Please use this identifier to cite or link to this item:
|Title:||Asymmetric dimethylarginine in adult falciparum malaria: relationships with disease severity, antimalarial treatment, hemolysis, and inflammation||Authors:||Barber, Bridget E.
Grigg, Matthew J.
Piera, Kim A.
Yeo, Tsin Wen
Anstey, Nicholas M.
|Issue Date:||2016||Source:||Barber, B. E., William, T., Grigg, M. J., Parameswaran, U., Piera, K. A., Yeo, T. W., & Anstey, N. M. (2016). Asymmetric Dimethylarginine in Adult Falciparum Malaria: Relationships With Disease Severity, Antimalarial Treatment, Hemolysis, and Inflammation. Open Forum Infectious Diseases, 3(1), ofw027-.||Series/Report no.:||Open Forum Infectious Diseases||Abstract:||Background: Endothelial nitric oxide (NO) bioavailability is impaired in severe falciparum malaria (SM). Asymmetric dimethylarginine (ADMA), an endogenous inhibitor of NO synthase (NOS), contributes to endothelial dysfunction and is associated with mortality in adults with falciparum malaria. However, factors associated with ADMA in malaria, including the NOS-substrate L-arginine, hemolysis, and antimalarial treatment, are not well understood. Methods: In a prospective observational study of Malaysian adults with SM (N = 22) and non-SM (NSM; N = 124) and healthy controls (HCs), we investigated factors associated with plasma ADMA including the effects of antimalarial treatment. Results: Compared with HCs, ADMA levels were lower in NSM (0.488 µM vs 0.540 µM, P = .001) and in the subset of SM patients enrolled before commencing treatment (0.453 µM [N = 5], P = .068), but levels were higher in SM patients enrolled after commencing antimalarial treatment (0.610 µM [N = 17], P = .026). In SM and NSM, ADMA levels increased significantly to above-baseline levels by day 3. Baseline ADMA was correlated with arginine and cell-free hemoglobin in SM and NSM and inversely correlated with interleukin-10 in NSM. Arginine and the arginine/ADMA ratio (reflective of arginine bioavailability) were lower in SM and NSM compared with HCs, and the arginine/ADMA ratio was lower in SM compared with NSM. Conclusions: Pretreatment ADMA concentrations and L-arginine bioavailability are reduced in SM and NSM. Asymmetric dimethylarginine increases to above-baseline levels after commencement of antimalarial treatment. Arginine, hemolysis, and posttreatment inflammation all likely contribute to ADMA regulation, with ADMA likely contributing to the reduced NO bioavailability in SM.||URI:||https://hdl.handle.net/10356/89025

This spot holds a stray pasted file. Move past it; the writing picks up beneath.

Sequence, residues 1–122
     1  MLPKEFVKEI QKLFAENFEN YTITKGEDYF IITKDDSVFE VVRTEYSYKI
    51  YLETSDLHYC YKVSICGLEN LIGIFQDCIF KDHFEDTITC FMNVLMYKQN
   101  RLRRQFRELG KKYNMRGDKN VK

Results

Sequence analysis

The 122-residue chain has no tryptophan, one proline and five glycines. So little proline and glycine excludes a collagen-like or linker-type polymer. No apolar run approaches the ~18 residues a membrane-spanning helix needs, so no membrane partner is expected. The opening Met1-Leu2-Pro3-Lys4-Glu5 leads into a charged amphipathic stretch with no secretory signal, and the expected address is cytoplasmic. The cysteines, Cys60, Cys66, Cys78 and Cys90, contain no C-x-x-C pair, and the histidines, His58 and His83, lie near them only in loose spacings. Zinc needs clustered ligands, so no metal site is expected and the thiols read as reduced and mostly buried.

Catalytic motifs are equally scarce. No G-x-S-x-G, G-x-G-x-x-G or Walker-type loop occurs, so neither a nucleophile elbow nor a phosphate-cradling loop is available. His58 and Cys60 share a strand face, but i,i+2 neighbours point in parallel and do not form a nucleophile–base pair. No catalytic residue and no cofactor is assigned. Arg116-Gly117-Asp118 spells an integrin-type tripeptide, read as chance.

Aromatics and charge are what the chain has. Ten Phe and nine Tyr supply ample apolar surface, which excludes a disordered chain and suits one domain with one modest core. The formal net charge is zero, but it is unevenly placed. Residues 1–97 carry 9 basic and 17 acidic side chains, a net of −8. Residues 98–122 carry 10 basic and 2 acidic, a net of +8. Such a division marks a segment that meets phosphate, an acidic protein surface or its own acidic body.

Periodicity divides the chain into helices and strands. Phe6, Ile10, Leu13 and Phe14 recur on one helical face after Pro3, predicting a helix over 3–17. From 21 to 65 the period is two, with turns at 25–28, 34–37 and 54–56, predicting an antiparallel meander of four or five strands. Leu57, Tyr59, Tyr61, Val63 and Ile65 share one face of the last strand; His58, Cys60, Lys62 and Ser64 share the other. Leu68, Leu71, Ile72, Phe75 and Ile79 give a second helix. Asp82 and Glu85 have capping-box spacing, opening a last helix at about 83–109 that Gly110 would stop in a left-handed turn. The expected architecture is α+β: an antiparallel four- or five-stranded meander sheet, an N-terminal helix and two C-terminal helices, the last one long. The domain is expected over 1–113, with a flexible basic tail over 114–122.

|DOI:||10.1093/ofid/ofw027||Rights:||© The Author 2016. Published by Oxford University Press on behalf of the Infectious Diseases Society of America. This is an Open Access article distributed under the terms of the Creative Commons Attribution-NonCommercial-NoDerivs licence (http://creativecommons.org/licenses/ by-nc-nd/4.0/), which permits non-commercial reproduction and distribution of the work, in any medium, provided the original work is not altered or transformed in any way, and that the work is properly cited. For commercial re-use, please contact email@example.com||Fulltext Permission:||open||Fulltext Availability:||With Fulltext|
|Appears in Collections:||LKCMedicine Journal Articles|
Files in This Item:
|Asymmetric Dimethylarginine in Adult Falciparum.pdf||390.12 kB||Adobe PDF|
Updated on Feb 25, 2021
Updated on Feb 22, 2021
Updated on Feb 28, 2021
Updated on Feb 28, 2021
Items in DR-NTU are protected by copyright, with all rights reserved, unless otherwise indicated.